In 1974 David Bailey visited New Guinea. Naturally he took photographs of the people he encountered but the images never went much further than being catalogued and filed away.
Fast forward 37 years and gallerist Daniel Blau is visiting Bailey’s studio. Documentation of lost colonies and people has become increasingly popular in recent years (as the recent sale of Edward Curtis’s The North American Indian collection for $1.4m proves) so you can imagine Blau's surprise and delight on finding a box of Polaroids by Bailey languishing within the photographer's archive.
“When visiting an artist as versatile as Bailey, one should always expect the unexpected," he says with classic understatement. "Despite this, it was a great surprise to discover a box of Polaroids taken in Papua New Guinea in 1974, fascinating for their subject matter as well as for their artistic merit.”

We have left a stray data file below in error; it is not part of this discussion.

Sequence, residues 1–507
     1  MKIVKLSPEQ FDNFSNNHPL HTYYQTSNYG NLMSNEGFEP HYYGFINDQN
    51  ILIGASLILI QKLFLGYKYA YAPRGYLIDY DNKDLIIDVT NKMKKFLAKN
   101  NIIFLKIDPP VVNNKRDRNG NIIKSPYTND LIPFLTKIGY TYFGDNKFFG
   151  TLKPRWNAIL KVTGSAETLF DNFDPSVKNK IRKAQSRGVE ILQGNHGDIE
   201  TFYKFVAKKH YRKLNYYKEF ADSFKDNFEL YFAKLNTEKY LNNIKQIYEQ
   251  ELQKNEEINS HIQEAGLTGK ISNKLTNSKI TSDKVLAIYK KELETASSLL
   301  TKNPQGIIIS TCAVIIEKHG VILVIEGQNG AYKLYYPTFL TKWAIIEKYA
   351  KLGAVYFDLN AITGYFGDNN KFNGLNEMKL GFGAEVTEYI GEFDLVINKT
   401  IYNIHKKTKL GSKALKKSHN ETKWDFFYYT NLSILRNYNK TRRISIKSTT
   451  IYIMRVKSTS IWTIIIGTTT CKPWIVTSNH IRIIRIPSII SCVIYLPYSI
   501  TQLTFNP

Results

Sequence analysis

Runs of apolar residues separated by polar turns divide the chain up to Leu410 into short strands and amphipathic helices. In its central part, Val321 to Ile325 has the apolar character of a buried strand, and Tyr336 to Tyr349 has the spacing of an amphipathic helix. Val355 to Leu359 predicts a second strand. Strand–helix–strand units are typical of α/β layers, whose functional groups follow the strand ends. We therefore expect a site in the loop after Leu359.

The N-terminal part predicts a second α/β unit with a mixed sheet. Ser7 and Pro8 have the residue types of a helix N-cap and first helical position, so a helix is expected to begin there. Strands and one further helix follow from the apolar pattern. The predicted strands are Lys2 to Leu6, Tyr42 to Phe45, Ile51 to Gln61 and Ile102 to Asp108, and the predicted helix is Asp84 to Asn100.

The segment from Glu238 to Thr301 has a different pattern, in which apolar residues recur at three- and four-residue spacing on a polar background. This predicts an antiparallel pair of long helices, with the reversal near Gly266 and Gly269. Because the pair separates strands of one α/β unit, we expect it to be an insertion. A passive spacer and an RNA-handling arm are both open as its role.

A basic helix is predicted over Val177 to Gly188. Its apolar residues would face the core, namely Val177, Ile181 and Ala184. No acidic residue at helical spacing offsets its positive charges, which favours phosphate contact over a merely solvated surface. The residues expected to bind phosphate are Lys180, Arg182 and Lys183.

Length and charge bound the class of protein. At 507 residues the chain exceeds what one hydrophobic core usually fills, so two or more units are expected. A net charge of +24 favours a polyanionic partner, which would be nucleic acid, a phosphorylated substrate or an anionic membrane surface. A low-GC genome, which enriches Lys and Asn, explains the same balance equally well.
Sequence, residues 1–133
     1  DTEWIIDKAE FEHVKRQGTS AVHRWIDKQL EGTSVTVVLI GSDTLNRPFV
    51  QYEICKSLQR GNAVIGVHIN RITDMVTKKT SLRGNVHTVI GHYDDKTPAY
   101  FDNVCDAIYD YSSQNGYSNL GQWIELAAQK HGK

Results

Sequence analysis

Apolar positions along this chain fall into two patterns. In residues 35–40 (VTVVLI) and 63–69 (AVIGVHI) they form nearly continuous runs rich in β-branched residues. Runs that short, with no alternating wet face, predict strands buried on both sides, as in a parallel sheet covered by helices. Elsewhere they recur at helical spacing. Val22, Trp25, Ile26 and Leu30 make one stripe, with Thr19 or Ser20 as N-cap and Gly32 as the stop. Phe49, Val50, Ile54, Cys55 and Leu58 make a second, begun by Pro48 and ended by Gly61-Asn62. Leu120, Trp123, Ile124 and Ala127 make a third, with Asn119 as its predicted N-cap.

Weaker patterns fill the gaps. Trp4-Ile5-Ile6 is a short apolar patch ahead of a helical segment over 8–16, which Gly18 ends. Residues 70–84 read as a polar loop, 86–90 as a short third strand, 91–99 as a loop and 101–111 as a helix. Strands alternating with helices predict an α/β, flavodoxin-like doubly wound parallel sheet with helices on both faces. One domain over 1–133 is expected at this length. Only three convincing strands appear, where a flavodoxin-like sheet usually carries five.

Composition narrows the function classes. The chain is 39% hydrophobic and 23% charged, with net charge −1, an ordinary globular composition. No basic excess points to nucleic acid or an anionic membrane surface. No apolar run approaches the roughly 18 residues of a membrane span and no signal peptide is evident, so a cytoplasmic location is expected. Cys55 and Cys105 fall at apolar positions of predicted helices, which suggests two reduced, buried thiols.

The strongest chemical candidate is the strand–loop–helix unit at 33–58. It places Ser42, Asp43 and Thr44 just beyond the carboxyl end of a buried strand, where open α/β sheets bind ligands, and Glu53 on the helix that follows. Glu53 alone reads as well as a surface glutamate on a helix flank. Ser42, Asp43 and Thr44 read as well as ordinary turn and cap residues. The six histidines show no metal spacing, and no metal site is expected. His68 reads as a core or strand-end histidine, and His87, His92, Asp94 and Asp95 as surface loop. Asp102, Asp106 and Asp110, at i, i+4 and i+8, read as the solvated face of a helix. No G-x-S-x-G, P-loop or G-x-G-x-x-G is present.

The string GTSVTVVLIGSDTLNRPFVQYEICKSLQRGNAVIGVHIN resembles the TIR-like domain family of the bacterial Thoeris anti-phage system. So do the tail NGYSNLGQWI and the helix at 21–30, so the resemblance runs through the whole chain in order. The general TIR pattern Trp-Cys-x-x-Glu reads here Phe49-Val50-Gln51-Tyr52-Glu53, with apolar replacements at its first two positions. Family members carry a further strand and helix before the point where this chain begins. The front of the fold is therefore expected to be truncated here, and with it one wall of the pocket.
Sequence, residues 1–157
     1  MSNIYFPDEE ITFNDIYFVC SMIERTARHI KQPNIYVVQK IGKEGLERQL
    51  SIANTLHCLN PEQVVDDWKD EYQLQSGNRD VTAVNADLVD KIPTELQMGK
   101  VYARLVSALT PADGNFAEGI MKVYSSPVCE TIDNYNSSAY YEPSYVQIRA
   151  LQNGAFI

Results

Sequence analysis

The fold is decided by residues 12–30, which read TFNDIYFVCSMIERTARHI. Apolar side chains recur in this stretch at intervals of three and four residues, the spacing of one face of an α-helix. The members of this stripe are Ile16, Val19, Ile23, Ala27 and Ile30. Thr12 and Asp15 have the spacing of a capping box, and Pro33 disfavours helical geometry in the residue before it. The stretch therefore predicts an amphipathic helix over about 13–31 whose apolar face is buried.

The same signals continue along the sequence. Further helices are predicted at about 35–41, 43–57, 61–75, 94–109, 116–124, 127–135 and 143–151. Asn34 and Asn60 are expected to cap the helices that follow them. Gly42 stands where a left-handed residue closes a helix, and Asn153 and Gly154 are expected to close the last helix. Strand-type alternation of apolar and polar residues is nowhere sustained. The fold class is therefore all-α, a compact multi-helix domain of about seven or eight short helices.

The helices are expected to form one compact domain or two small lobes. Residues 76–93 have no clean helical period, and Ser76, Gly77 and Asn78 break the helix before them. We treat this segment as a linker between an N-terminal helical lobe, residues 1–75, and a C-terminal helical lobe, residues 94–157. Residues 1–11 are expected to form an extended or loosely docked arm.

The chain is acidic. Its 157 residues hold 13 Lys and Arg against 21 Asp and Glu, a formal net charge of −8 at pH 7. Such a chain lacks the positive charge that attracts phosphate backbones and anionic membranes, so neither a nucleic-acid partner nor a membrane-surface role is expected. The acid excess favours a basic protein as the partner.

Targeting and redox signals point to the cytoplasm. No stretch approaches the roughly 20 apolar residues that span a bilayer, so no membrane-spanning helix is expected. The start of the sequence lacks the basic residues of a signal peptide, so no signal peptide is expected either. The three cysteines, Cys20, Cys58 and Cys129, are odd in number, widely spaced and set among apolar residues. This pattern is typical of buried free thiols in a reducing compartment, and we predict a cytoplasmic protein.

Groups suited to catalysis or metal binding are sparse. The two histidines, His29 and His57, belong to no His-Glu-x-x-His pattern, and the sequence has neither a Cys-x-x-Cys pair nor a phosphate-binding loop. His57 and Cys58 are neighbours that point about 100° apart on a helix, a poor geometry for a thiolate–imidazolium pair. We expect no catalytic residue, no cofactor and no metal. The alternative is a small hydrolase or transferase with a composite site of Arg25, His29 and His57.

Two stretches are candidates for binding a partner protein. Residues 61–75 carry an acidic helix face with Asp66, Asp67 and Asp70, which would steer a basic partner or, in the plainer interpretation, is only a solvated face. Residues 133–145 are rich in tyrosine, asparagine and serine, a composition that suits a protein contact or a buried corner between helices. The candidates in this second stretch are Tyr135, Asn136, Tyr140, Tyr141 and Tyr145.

Bailey has mixed memories of the experience. “In ’74 I photographed the cannibals in New Guinea,” he says. “They treated me OK but they didn’t make you feel relaxed. I managed to escape unscathed though, I’m pretty good at that!”
Long interested in Oceanic Art Blau quickly arranged an exhibition of the work. It's on show now at Daniel Blau Gallery in Hoxton Square until November 3. If you can't make it down to the show be sure to check out our own David Bailey book. It's called Look and includes many of his most iconic portraits of the Rolling Stones, Andy Warhol, Catherine Deneuve and Michael Caine.
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